The following is an excerpt from Henry C. Lahee’s book Famous Violinists of To-Day and Yesterday, published by Boston The Page Company Publishers in 1899, with the ninth and tenth editions (in 1912 and 1916, respectively) published by L.C. Page and Company Inc. and the Colonial Press C.H. Simonds Co., of Boston. As stated in the book’s preface, the author’s intent was to provide “a bird’s-eye view of the most celebrated violinists from the earliest times to the present day rather than a detailed account of a very few. Necessarily, those who have been prominently before the public as performers are selected in preference to those who have been more celebrated as teachers. Lahee’s book, now in the public domain, is available for reading and download at Project Guttenberg.)
“A typical Norseman, erect of bearing, with a commanding presence and mobile, kindly face, from which the eyes shone clear and fearless as the spirits of old Norway hovering over his native mountains. He was a man to evoke respect and love under all conditions, and, when he stepped before an audience, roused an instantaneous throb of sympathy, of interest, before the sweep of his magical bow enthralled their souls with its melodious measures.” Such is an excellent pen picture of Ole Bull, who during the middle of the nineteenth century was known far and wide as a great violinist.
Among the celebrated musicians of all nations, Ole Bull will always remain a striking figure. As a musician, none so eminent has been so essentially a self-made man, none has grown up with so little influence from outside, none with a technique so essentially self-discovered. As a son of his country, none has retained so sturdy a sense of patriotism; none has, amid the more brilliant surroundings of a life spent in the gayest cities of the world, refused to be weaned from the poor northern, half-dependent state from which he issued a penniless lad.
Olaus Borneman Bull was born at Bergen, in Norway, February 5, 1810, and was the eldest of ten children. His father was a physician and apothecary. He was musical, as were several other members of his family, and little Ole’s love for music was fostered to a great degree at home by the Tuesday quartet meetings, at which his Uncle Jens played the ‘cello.
In the early part of the century, the proverb, “Spare the rod and spoil the child,” was regarded as the foundation of education in most countries, and few children were allowed to spoil. All childish desires which conflicted with parental ideas were promptly suppressed by “the rod,” until by sheer strength they proved to be unsuppressible. Then they became great virtues. It was thus with Ole Bull. His first desire to hear the quartet music, which he gratified by hiding under sofas or behind curtains, was rewarded with the rod,—for he should have been in bed. After a time a concession was made through the intervention of Uncle Jens, and Ole was allowed to become familiar with the best music of the day.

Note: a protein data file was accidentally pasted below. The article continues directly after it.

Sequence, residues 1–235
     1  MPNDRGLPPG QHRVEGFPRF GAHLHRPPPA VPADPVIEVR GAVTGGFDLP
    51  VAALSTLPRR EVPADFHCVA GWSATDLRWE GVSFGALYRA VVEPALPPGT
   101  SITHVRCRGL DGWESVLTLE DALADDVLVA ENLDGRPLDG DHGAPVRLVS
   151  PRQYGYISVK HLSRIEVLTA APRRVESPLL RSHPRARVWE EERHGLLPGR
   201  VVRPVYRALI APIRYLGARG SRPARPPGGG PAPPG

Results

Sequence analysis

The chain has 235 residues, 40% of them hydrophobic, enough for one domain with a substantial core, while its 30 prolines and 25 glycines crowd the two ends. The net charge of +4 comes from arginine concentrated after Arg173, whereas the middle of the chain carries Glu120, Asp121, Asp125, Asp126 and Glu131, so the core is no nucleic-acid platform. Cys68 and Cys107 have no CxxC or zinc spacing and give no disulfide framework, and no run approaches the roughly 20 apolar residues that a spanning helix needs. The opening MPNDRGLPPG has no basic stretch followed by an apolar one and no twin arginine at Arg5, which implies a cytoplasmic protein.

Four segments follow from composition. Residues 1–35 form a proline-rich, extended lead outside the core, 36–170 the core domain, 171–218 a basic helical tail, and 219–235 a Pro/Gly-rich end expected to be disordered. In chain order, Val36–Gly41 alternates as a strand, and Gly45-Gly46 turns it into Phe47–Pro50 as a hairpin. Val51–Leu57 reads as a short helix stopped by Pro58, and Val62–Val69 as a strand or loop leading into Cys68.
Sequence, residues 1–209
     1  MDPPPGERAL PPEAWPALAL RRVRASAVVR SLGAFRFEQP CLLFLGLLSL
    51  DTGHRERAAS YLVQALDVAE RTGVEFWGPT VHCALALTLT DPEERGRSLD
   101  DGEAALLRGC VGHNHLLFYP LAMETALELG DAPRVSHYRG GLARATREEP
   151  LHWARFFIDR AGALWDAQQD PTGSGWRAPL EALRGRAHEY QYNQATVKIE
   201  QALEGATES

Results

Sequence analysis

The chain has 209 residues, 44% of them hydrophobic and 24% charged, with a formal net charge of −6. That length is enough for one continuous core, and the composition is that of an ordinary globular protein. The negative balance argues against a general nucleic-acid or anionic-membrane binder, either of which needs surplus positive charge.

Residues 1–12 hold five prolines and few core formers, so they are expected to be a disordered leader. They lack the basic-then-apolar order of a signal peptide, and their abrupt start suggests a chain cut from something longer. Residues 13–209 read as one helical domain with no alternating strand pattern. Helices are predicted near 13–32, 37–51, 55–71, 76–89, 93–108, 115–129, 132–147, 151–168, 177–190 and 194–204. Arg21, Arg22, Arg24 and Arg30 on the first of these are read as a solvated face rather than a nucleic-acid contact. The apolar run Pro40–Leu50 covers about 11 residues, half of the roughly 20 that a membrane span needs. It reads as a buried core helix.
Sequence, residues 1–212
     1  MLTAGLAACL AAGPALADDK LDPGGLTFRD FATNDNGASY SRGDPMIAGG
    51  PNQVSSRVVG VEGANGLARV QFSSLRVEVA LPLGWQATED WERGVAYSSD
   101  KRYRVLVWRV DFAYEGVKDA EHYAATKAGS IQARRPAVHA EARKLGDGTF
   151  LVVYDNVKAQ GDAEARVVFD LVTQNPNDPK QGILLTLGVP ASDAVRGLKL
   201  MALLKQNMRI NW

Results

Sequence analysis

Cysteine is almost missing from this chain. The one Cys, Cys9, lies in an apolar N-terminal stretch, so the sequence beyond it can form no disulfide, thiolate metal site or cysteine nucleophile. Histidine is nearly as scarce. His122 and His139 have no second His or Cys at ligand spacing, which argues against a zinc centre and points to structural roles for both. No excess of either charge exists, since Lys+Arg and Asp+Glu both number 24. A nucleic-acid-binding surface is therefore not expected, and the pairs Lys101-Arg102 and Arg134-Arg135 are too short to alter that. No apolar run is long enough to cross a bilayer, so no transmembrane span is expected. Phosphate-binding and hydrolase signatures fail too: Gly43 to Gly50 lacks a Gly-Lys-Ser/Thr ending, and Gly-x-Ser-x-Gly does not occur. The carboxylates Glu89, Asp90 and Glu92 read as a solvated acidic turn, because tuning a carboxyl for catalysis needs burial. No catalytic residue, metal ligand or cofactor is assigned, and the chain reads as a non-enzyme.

Uncle Jens used to amuse himself with the small boy’s susceptibility to music, and would sometimes shut him up in the ‘cello case, promising him some candy if he would stay there while he (Uncle Jens) played. But Ole could never endure the ordeal for long. He had to come out where he could see and hear.
His first violin was given him by Uncle Jens when he was five years old, and he soon learned to play it well without any instructor. He was not allowed to practise music until his study hours were over, and occasional breaches of this rule kept “the rod” active.
Ole Bull’s Violin Cloncerto in A Major (‘Grand Concerto’), Op. 4 (1834, revised 1864). The first violin concerto by the famous Norwegian composer and virtuoso violinist Ole Bornemann Bull (1810-1880). Annar Follesø, violin; Ole Kristian Ruud, conductor; Norwegian Radio Orchestra. I. Andante maestoso–Allegro maestoso (0:00); II. Adagio sentimentale: Adagio sostenuto (12:39); III. Rondo pastorale: Moderato (15:38).
Ole Bull’s first instructor was a violinist named Paulsen, a man of convivial temperament, who used to come and enjoy the hospitality of Ole’s father and play “as long as there was a drop in the decanter,” with a view to educating the young artist, as he said. But Ole’s parents were thinking of prohibiting the violin altogether on the plea that it interfered too much with his studies, when the tide of affairs was changed by the following incident.
One Tuesday evening, Paulsen, who played first violin in the quartet, had been so convivial that he was unable to continue. In this unfortunate dilemma Uncle Jens called upon Ole, saying, “Come, my boy, do your best, and you shall have a stick of candy.” Ole quickly accepted the challenge, and as the quartet was one which he had several times heard, he played each movement correctly, much to the astonishment of all present.
This happened on his eighth birthday, and the event marked an epoch in his life, for he was elected an active member of the Tuesday club, and began to take lessons regularly of the convivial Paulsen.
There is a pathetic story of how Ole induced his father to buy a new violin for him, and, unable to restrain his desire to play it, he got up in the night, opened the case, and touched the strings. This furtive touch merely served to whet his appetite, and he tried the bow. Then he began to play very softly; then, carried away with enthusiasm, he played louder and louder, until suddenly he felt the sharp sting of his father’s whip across his shoulders, and the little violin fell to the floor and was broken.
From 1819 to 1822 Ole Bull received no violin instruction, for Paulsen had left Bergen without explanation, though it has been hinted that Ole Bull had outgrown him, and on that account he thought it wise to depart.
In 1822 a Swedish violinist came to Bergen, and Ole took lessons of him. His name was Lundholm, and he was a pupil of Baillot. Lundholm was very strict and would admit of no departure from established rules. He quite failed to make the boy hold his instrument according to the accepted method, but his custom of making his pupil stand upright, with his head and back against the wall while playing, no doubt gave to him that repose and grace of bearing which was so noticeable in later years. Lundholm was, however, quite unable to control his precocious pupil and a coolness soon sprung up between them, which appears to have culminated in the following incident.